Master of Science (MS)


Biomedical and Veterinary Medical Sciences - Veterinary Clinical Sciences

Document Type



There is anecdotal documentation that intra-articular administration of liquid silicone is used as a lubricant for equine joints. Effects of silicone polymer on equine articular cartilage and synovial fluid have not been evaluated. The objectives were to characterize the effects of intra-articular administration of liquid silicone polymer on clinical, synovial fluid, and microscopic features in normal middle carpal joints of horses, and to determine if silicone migrates to the axillary lymph nodes. Eight adult horses were used in this study. Two mLs of 1,000 centistoke, medical-grade silicone was injected into one randomly selected middle carpal joint. The opposite middle carpal joint was injected with two mLs of 0.9% NaCl. Degree of effusion, range of motion, pain on flexion, joint circumference, and degree of lameness were determined prior to injection, at 2, 8, 12, 24, 48, and 72 hours after injection, and weekly for 6 weeks after injection. Radiographic examination, synovial fluid analysis, and microscopic examination of synovium, articular cartilage and axillary lymph nodes were performed at the conclusion of the study. Joint circumference for silicone-treated carpi was significantly greater (p < 0.05) than saline-treated carpi from eight to 336 hours after injection. There was a significant association between treated limbs and lameness, lameness after flexion, pain elecited upon maximal flexion of carpus and middle carpal effusion in treated limbs. Radiographic examination did not reveal the presence of osseous abnormalities; however, effusion was present in 4/8 silicone-treated carpi and 2/8 saline-treated carpi. Synovial fluid from silicone-treated and saline-treated carpi had normal protein concentrations and total nucleated cell counts. Synovial fluid from 5/8 silicone-treated carpi had refractile cytoplasmic vacuoles within macrophages. All silicone-treated carpi had synovial hypertrophy with 7/8 silicone-treated carpi demonstrating accumulation of vacuolated cells containing silicone. Examination of articular cartilage from saline-treated and silicone-treated carpi did not reveal a significant difference. Silicone was not definitively demonstrated in any axillary lymph nodes. Administration of silicone into the middle carpal joint resulted in synovitis. A single administration of silicone polymer had no apparent effects on articular cartilage within six weeks of administration.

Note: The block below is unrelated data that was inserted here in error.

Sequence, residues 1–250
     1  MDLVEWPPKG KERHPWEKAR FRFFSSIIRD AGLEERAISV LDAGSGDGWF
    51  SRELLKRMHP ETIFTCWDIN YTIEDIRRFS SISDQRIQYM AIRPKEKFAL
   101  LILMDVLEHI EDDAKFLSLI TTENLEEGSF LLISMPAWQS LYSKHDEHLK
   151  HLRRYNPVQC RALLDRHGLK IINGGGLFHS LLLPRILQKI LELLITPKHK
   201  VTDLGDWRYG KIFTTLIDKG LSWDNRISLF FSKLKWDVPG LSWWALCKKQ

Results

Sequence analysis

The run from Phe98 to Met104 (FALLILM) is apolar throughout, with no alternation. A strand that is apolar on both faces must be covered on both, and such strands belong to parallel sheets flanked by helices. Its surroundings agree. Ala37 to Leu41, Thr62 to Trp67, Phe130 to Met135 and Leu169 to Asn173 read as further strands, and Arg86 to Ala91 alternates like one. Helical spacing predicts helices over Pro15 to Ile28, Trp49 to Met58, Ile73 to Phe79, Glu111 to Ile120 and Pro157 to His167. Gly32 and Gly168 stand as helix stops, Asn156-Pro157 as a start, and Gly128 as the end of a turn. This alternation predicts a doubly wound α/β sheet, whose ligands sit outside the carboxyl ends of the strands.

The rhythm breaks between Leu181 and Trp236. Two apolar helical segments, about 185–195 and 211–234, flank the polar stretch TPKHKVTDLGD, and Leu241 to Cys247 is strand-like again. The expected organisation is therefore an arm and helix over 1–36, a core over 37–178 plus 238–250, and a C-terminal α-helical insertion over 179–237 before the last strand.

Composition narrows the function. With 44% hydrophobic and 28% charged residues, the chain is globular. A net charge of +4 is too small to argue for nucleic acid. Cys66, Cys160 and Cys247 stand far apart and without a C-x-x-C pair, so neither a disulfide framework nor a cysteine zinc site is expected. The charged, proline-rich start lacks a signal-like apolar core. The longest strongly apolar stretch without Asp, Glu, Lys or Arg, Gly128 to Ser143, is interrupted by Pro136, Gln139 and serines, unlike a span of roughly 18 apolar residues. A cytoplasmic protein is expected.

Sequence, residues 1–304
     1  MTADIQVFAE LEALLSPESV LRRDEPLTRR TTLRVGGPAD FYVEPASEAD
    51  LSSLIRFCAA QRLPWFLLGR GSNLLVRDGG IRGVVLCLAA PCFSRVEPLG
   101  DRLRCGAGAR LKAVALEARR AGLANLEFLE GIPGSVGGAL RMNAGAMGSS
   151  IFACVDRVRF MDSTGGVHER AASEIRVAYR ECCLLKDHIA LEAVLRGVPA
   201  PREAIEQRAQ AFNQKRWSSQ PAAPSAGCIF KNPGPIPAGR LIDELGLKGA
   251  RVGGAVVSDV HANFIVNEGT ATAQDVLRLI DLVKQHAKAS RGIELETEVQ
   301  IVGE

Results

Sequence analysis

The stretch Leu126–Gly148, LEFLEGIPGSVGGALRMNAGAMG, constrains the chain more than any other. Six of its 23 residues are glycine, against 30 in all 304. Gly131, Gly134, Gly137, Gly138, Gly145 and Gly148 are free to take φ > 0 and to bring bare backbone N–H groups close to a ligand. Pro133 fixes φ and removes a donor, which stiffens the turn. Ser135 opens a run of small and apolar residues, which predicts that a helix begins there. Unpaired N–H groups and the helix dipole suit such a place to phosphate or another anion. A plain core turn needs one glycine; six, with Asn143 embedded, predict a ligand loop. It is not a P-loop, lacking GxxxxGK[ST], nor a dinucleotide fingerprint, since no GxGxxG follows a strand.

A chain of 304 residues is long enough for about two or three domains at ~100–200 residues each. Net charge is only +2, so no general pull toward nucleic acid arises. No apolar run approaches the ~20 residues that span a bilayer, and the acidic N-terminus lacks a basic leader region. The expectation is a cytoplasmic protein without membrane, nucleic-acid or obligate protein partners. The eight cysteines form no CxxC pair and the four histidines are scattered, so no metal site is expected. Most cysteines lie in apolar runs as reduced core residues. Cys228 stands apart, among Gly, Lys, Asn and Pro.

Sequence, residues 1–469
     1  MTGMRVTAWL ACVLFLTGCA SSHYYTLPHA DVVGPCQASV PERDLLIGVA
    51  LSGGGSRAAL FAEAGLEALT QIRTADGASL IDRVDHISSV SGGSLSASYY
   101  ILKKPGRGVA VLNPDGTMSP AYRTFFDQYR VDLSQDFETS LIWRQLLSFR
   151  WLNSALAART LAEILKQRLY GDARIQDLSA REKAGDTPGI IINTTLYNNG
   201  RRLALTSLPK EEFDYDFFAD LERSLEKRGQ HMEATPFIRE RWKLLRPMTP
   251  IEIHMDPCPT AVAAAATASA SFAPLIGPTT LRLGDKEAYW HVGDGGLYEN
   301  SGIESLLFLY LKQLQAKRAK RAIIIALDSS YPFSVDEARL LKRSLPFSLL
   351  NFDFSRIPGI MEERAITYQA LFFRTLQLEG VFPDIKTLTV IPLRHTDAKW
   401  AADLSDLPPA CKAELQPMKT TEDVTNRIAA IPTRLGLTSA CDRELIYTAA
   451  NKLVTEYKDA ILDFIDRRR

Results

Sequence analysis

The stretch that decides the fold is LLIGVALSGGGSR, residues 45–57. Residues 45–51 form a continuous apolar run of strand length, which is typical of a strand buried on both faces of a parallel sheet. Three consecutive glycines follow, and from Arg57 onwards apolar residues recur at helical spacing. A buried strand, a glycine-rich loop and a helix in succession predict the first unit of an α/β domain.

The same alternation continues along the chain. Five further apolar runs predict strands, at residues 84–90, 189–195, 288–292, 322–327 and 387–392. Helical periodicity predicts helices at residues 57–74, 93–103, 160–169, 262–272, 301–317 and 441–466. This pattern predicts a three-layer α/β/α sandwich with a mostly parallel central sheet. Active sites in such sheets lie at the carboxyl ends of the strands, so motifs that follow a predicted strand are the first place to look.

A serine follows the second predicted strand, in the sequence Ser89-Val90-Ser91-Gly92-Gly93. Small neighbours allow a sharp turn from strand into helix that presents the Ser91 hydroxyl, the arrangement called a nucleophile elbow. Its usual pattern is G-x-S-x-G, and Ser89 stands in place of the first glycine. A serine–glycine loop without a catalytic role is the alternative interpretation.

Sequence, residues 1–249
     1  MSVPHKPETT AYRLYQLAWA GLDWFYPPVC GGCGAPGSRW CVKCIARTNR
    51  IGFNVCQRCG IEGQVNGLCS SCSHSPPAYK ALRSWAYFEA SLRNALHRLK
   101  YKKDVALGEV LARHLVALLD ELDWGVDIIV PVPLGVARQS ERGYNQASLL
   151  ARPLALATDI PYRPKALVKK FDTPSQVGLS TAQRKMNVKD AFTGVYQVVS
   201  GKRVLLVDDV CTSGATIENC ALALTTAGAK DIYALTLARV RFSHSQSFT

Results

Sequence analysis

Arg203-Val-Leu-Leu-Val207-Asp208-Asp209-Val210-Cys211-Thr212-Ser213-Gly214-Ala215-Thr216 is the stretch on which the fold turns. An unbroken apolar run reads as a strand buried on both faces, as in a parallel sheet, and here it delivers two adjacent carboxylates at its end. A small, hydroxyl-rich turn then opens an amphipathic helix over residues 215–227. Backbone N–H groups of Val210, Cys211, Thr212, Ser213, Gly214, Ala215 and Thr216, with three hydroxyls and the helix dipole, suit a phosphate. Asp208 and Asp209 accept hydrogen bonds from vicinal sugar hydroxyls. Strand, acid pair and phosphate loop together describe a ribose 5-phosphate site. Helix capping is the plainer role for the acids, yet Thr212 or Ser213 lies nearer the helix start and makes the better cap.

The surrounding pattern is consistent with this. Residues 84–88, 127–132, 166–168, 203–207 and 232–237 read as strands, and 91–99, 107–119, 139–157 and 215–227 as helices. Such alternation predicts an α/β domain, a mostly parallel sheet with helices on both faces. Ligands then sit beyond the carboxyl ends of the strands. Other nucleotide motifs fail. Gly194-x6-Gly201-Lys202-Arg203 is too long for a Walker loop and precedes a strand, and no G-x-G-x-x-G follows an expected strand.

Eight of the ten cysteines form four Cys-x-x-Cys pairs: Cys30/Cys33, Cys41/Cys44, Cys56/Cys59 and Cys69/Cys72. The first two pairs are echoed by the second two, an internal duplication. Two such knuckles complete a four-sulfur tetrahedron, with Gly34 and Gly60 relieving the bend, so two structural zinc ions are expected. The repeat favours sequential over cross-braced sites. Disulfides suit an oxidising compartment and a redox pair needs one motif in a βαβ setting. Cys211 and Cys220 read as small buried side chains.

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Committee Chair

Daniel J. Burba